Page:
Eight people, including six Frenchmen, were killed on Sunday in Niger by a still unidentified armed group. The country is regularly hit by jihadist groups operating in the Sahel, but this is the first time this tourist area, not far from the capital Niamey, has been affected.
A charred off-road vehicle, neatly with bullets, the doors open. Around eight lifeless bodies, probably executed, including six French and Nigerian members of the NGO Acted, and their guide, including Nigeria. After leaving Niger’s capital, Niger, on Sunday, October 9, no one suspected the dangers of observing the last peralta giraffes, established in the Kouré Reserve, an hour’s drive to the Southeast.
“We’re all going to Kouré for a weekend getaway, because it’s very easy to get to. Everyone goes, including ambassadors, diplomats, teachers, everyone! Everything is considered dangerous as an area,” a Western humanitarian based in Niamey told AFP. Before the attack, the French Foreign Ministry also kept the zone in yellow, for “increased vigilance”, and therefore advised not to go there, unlike a large part of the country north and west of the capital.
Like Burkinabè and Malia’s neighbors, Niger has suffered from the growing security degradation affecting the Sahel since 2015 due to its long-standing establishment, mainly in Mali, of a myriad of jihadist or rebel groups, drug traffickers and inter-ethnic or religious conflicts. recurrent. The northern and western parts of the Tillabéri region, in the area known as the “three borders” between the three countries, are usually the hardest hit, especially by the Islamic State in the Greater Sahara (EIGS), one of the main terrorist groups operating in the area. . In two attacks in December 2019 and January 2020, 160 Nigerian soldiers in the region were killed by men in pickups and motorcycles, after fleeing to Mali. But Niamey and the entire region southeast of the capital had been spared. Until Sunday.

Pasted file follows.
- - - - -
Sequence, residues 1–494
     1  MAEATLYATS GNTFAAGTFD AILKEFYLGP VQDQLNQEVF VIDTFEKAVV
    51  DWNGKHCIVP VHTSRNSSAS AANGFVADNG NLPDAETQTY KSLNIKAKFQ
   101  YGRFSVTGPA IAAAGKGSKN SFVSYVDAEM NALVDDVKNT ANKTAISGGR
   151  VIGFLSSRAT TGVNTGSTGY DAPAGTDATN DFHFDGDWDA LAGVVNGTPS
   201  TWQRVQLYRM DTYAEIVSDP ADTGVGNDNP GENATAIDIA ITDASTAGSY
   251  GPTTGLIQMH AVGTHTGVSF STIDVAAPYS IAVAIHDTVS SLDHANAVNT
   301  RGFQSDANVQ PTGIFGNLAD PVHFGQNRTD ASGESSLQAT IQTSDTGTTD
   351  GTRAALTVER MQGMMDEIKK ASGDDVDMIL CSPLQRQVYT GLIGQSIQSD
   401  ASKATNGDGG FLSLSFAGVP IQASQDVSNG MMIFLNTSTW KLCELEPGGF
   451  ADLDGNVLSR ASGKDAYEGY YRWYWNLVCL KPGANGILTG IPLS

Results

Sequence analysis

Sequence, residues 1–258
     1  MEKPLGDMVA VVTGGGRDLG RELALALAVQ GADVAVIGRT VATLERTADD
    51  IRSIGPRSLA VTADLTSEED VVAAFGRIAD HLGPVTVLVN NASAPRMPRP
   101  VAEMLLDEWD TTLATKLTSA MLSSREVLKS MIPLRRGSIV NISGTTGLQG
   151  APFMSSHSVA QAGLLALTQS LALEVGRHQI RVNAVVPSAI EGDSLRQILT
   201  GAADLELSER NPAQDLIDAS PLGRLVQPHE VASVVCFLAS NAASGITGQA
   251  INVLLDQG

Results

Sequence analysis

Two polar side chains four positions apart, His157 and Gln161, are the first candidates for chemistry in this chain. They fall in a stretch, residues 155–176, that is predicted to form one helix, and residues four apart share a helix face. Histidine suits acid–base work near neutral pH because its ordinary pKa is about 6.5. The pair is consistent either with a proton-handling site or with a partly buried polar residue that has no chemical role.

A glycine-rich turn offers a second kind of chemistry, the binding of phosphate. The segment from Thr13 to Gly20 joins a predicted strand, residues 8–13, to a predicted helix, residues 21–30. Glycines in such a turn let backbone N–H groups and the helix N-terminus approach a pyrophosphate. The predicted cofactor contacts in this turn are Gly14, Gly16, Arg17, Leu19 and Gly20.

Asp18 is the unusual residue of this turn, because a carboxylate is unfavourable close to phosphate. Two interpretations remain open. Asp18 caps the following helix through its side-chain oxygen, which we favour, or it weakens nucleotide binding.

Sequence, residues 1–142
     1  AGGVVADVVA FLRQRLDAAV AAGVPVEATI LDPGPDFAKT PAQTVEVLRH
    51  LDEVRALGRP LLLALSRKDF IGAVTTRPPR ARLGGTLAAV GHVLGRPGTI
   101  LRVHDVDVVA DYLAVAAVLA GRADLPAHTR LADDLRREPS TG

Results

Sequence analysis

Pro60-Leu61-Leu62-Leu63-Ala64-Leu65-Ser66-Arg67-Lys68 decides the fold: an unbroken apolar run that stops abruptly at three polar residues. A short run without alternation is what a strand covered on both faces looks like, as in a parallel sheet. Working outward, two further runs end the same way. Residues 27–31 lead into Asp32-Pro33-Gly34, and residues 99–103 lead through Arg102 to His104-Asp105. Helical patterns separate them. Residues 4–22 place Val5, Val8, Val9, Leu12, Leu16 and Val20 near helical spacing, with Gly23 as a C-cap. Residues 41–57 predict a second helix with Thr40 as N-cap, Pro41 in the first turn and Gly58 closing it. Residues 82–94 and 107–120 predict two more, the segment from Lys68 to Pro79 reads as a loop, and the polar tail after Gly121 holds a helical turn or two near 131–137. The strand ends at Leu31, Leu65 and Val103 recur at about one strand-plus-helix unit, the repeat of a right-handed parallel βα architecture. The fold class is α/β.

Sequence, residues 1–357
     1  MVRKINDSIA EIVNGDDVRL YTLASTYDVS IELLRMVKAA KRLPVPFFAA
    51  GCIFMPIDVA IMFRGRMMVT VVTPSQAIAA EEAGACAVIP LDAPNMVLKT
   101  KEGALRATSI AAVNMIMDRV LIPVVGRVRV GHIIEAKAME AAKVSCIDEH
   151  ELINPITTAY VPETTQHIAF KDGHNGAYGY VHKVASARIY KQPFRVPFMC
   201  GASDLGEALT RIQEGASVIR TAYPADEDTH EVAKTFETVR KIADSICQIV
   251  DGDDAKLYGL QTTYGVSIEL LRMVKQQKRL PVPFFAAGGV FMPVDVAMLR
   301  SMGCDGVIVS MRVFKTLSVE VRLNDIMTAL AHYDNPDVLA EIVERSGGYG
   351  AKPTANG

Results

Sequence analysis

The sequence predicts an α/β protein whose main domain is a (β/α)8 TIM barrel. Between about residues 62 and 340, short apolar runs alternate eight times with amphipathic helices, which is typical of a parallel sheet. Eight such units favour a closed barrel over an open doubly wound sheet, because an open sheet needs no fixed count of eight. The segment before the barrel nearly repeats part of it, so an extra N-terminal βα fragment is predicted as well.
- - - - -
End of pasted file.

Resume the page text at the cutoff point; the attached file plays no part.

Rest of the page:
Niger: terrorist attacks have been increasing since 2015
“All eyes are, of course, on the organization of the Islamic State”
Following the Pau Summit, convened on 13 January 2020, French President Emmanuel Macron and his G5 Sahel counterparts (Niger, Burkina Faso, Mali, Chad and Mauritania) and an agreement to continue France’s involvement in the region through the Barkhane force, Paris increased its military presence from 4,500 to 5,100 soldiers. Strategic strikes have intensified, especially against the EIGS bases, giving hope for a “calm in the region”, according to Tidjani Ibrahim Katiella, governor of Tillabéri. “The strategy has been reinvented and Barkhane has resized its strength and strategy. Success has been achieved. By carrying out this attack just 70 km from Niamey, the jihadists wanted to show that they still retained operational capacity, as it” is far from their bases, ” and that the threat is far from eradicated “, estimate on RFI Seidik Abba, Nigerian essayist and journalist.
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According to sources from the French 24 journalist Wassim Nasr, Al-Qaeda in the Islamic Maghreb (AQIM) has denied participation in Sunday’s attack. The operandi mode rather indicates an act of EIGS, born in 2015 in Mali. According to International Crisis Group analyst Matthieu Pellerin, questioned on RFI, “of course all eyes are on[organisation] Islamic State “, weakened by the hunt for Barkhane and American drones stationed in Agadez, in the Nigerian desert, but still active and quick to respond. The researcher notes a” gradual encirclement of Niamey since 2019, with an increase of jihadist groups operating in the north and to and with south of Tillabéri, towards the border with Nigeria. “It is in the northeast of the latter country that Boko Haram operates, which has declared allegiance to the Islamic State organization in 2015 before becoming the Islamic State of West Africa (EIAO) and joining 2019 by the EIGS.
Jihadist violence, mixed with conflicts between society, killed at least 4,000 people in Mali, Niger and Burkina Faso in 2019, according to the UN. Launched in 2017 under the auspices of France, the Sahel G5 Joint Military Force has not yet proven its effectiveness and does not appear to be able to hinder the progress of jihadist groups south of Burkina Faso, north of Côte Ivoire, northern Benin, southern Mali and northwestern Nigeria, caught between Boko Haram and Sahelian terrorist groups, believes Matthieu Pellerin. “This indicates that the G5 Sahel model is already somewhat outdated. And we can clearly see, since the beginning of the year, an intensification of operations from West African countries in areas that are considered relatively spared. C” is worrying about the future. “